d) Peter is unfathomably stupid.  When he turned against the pro-registration side in the Civil War, he took MJ and Aunt May away from the safety of Tony Stark‘s security measures and put them up in a crummy hotel.  He didn’t even skip town!  Sure, he’s broke but MJ has money.  Even he realizes he’s been unfathomably stupid after the fact.  Of course, neither MJ nor Aunt May had even the barest resemblance of common sense enough to tell Peter, “Hey, this is unfathomably stupid!”  Also, when the whole day turns weird, Peter doesn’t realize it until Mephisto reveals himself, because the precocious child, the insultingly stereotyped game developer, and the mysterious rich old guy who offers him a ride don’t seem any way odd.  *facepalm*  *headdesk*

e) Everyone in the story seems to be telling Peter to pick MJ.  Even the alternative hims, especially the rich one, tell him that life isn’t worth living without someone to share it with.  Except MJ, I guess.  Grrr.

f) Full of contrivances.  See 4).

3) Setting – New York City is home to the highest concentration of superheroes in the Marvel Universe.  This is acknowledged and then in most contrived fashion completely ignored.  See 4).

4) Narrative structure – all elements are present, but the set-up takes a long time.  I think this is supposed to be primarily an emotional story, but it’s still annoying when it takes until the third issue for the plot to really get going.

a) Contrivances!  Nothing but contrivances!  From beginning to end the narrative structure served only as the barest framing device for the contrivance that was passed off (badly) as a story, the sole purpose of which was to erase Peter Parker and Mary Jane’s marriage.  Any effort JMS put forth to tell a real story was obscured by editorial mandates. *headdesk*  Here’s a short list of contrivances.

- It’s magic; it doesn’t have to be explained.
Dr. Strange can’t heal a bullet wound although he can send Spider-man all through space and time asking for help and astrally witnessing the fatal shooting of Aunt May.
– Dr. Octopus can’t heal a bullet wound.
Dr. Pym can’t heal a bullet wound.  You know, the guy who can shrink himself and anything else can’t figure out how to extract a bullet from an old lady without causing further harm.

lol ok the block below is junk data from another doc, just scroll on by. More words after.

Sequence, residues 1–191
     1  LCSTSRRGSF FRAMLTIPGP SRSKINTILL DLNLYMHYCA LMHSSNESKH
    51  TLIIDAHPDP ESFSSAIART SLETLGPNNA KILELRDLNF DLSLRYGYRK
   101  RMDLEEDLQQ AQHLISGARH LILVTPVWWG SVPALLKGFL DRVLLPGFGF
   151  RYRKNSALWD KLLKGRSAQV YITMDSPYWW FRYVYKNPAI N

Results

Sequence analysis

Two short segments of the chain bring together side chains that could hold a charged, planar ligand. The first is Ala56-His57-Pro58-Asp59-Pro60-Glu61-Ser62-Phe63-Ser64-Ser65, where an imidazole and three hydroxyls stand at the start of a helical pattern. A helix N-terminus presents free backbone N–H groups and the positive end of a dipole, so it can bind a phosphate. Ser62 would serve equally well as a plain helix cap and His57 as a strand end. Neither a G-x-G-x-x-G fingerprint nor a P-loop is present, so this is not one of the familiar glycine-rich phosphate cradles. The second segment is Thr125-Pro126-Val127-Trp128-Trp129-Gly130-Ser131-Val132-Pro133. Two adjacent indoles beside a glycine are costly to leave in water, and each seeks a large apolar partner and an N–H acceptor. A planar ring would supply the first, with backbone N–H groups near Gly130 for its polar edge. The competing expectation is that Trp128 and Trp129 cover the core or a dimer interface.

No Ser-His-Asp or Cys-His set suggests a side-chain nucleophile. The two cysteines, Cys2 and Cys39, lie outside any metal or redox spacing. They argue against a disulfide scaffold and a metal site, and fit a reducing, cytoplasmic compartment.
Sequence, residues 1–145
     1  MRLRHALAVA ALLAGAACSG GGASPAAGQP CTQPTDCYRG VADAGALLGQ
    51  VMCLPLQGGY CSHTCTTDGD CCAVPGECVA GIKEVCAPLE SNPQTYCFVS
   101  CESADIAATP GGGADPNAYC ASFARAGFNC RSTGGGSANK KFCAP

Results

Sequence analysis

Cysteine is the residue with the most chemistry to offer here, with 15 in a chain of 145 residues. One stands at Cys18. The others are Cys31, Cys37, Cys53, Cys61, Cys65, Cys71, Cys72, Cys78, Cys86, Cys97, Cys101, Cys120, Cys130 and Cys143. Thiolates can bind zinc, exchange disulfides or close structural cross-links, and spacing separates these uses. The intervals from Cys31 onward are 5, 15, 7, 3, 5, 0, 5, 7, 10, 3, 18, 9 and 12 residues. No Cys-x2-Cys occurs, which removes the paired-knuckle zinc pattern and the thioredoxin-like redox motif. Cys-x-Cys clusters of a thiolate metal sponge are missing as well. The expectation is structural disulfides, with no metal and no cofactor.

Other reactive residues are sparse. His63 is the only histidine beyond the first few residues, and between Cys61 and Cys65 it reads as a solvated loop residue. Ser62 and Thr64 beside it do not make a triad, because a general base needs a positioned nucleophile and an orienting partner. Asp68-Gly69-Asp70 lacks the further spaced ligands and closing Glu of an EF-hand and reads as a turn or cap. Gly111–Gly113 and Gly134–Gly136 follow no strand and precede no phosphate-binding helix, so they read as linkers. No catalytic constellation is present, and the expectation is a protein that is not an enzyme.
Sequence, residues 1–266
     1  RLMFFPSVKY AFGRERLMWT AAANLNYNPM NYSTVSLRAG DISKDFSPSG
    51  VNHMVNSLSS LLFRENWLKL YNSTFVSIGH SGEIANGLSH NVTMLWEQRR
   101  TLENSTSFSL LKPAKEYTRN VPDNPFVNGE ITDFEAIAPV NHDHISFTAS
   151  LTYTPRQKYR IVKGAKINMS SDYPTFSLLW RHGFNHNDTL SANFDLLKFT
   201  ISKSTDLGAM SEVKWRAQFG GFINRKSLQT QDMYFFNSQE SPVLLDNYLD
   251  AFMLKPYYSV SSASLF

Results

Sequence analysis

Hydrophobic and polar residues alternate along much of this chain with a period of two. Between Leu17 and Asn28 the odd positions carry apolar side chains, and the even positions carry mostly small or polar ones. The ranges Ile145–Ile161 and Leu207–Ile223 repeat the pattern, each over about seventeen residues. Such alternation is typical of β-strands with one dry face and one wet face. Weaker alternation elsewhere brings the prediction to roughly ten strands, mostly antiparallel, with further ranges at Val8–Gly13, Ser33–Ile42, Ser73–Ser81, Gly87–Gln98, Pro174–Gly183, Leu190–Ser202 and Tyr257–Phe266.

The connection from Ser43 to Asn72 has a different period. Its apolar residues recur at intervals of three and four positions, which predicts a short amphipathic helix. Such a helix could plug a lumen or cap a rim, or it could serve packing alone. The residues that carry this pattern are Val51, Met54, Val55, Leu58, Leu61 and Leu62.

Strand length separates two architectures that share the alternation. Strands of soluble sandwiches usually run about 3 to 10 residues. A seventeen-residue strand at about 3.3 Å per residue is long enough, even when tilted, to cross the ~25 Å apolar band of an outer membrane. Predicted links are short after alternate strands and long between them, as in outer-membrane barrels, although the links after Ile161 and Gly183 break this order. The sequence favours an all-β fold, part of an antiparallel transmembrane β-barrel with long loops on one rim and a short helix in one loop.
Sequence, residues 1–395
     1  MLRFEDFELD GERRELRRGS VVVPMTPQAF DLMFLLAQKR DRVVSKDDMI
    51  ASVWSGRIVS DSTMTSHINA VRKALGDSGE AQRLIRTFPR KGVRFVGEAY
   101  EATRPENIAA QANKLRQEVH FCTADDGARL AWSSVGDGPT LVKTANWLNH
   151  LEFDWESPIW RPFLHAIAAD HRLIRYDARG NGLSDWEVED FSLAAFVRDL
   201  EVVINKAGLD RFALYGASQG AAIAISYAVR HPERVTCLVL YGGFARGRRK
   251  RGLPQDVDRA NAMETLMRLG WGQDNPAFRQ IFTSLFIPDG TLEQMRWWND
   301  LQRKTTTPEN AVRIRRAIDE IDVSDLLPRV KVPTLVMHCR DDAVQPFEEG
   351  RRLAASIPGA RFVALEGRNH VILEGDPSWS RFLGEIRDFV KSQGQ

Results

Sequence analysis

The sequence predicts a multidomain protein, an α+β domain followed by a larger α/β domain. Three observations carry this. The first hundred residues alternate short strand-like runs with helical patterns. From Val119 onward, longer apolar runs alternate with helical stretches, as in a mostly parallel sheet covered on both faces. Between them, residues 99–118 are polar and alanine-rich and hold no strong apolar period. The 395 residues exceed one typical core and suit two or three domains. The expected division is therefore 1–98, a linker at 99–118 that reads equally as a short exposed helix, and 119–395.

– Dr. Doom can’t heal a bullet wound.  This is a man who has a time machine and could in theory send Spider-man back in time to prevent the fatal shot.  This is also a man who is a good enough sorcerer to fight Mephisto (he doesn’t win but he doesn’t die).  He lives for doing favors like this for superheroes.  But alas, he is useless.
Mr. Fantastic (also a doctor) can’t heal a bullet wound.  Everything Doom can do, he can do better, except the sorcery.  But no help there.
– The X-men, who have a mutant named Elixir on the team whose sole power is to heal ANY wound, can’t heal a bullet wound.
– None of these people think to pool their abilities together (i.e. Pym extracts the bullet and Elixir fixes the wound).
– Mephisto gives a flying flip about Peter Parker’s marriage in the first place.
– Absolutely nothing else in the entire world changes.
– Except Harry Osborn is alive again.
– It’s MAGIC, damn it.  It doesn’t have to be explained.

There’s also not enough *headdesk* in the world for this.  That is just a short list and I’m sure if I wanted to pick out every single contrivance this entry would be ten times as long and I’d probably do permanent damage to my forehead with all the *headdesking.*  It’s not worth this.

b) Plot holes.  So many contrivances open up a ton of plot holes.  But since this is long enough, the biggest plot hole (which is akin to saying “the dustiest table in Pompeii”) to me is that fact Mephisto cared about their marriage in the first place.  Oh, sure, he gives some half-assed explanation about enjoying human suffering, but that’s way too petty for Mephisto.  He usually has grander plans.  But even if that were the case, a marriage weak enough to be traded away as it was weakens its value to Mephisto.  This is just lazy.  It would have been easy enough to provide a better explanation than “I like your pain.”  Hey, I thought of one – Mephisto knows that Spider-man or his daughter would one day be a threat to a truly grand plan of his and erasing the marriage is the only way to prevent that.  See?  In fact, that could help close the other gaping plot hole (akin to “that other sucking chest wound”) which was that NO ONE could help Spider-man.  If the complete lack of aid was all due to the machinations of Mephisto (he occasionally has reality-warping powers or maybe it was all just an illusion), then that would make sense.  Would it be good?  Probably not.  But at least it wouldn’t have been so damn lazy.